While bimetallic nanocomposites have demonstrated extraordinary – three to even ten-fold – gains in strength with decreasing layer thickness, their strengths tend to plateau beyond a critical layer thickness. More disappointingly, such increases in strength are almost always accompanied by a decrease in their strains to failure (ductility). In this work we report simultaneous improvements in both strength and mechanical stability of Nb/Mg nanolaminates with decreasing layer thicknesses, a trend seldom reported in nanolaminates consisting of pure metals. Using micro-pillar compression and nanoindentation experiments we show that physical vapor deposited (PVD) Nb/Mg nanolaminates that contain a body center cubic (bcc) Mg pseudomorphic phase demonstrate a >60% increase in strength and a >80% increase in strain to failure over those containing the hexagonal close packed (hcp) Mg phase. Instead of a strength plateau, the hcp-to-bcc phase transition in Mg results in a renewed strengthening regime in the nanolaminate caused by the change to a coherent interface from an incoherent one, along with a concurrent increase in strain-to-failure due to the introduction of a more plastically isotropic bcc material from an anisotropic hcp structure. Using high resolution transmission electron microscopy (HR-TEM) we also demonstrate the presence of a thin layer of bcc Mg at the Nb/Mg interface at larger layer thicknesses when Mg is predominantly hcp. Our results suggest that the increases in strain to failure in the Nb/Mg nanolaminates with decreasing layer thicknesses can be corelated to the approximate volume fraction of the pseudomorphic bcc Mg present in the layers.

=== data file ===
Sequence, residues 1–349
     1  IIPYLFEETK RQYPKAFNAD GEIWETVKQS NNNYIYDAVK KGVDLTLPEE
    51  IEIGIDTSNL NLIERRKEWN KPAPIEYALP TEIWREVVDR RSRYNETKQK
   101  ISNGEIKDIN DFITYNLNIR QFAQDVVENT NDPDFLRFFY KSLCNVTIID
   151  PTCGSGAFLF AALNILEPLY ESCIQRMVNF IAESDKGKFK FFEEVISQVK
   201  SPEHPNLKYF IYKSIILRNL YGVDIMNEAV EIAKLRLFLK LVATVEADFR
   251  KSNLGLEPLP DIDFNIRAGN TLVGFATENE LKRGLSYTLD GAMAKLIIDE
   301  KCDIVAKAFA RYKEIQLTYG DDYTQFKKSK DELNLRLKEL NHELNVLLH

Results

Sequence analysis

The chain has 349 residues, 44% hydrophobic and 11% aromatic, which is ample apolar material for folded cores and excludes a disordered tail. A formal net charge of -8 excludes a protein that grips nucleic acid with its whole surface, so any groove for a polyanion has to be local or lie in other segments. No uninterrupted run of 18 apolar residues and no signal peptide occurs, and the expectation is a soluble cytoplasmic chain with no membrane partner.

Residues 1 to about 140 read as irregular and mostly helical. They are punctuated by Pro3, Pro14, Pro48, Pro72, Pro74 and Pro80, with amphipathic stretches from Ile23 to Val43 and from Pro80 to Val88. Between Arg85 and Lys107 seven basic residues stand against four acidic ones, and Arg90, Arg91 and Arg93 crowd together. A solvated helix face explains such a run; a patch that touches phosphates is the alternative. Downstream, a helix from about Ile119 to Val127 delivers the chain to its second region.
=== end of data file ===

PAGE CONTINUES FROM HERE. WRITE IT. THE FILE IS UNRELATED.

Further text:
Bibliographical noteFunding Information:
S.P. and M.J. acknowledge funding from NSF #2051443 and equipment funding from NSF MRI #1726897 , ARO - DURIP #W911NF2110042 and DOE #DE-NE0008739 for this work. N.A.M. and I.J.B. acknowledge support by DOE BES DE-SC0020133 Office of Science, Basic Energy Sciences . This work was performed, in part, at the Center for Integrated Nanotechnologies, an Office of Science User Facility operated for the U.S. Department of Energy (DOE) Office of Science by Los Alamos National Laboratory (Contract 89233218CNA000001) and Sandia National Laboratories (Contract DE-NA-0003525).
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- Interface engineering
- Metal-metal composites
- Phase transformations
- Physical vapor deposition
- Transmission electron microscopy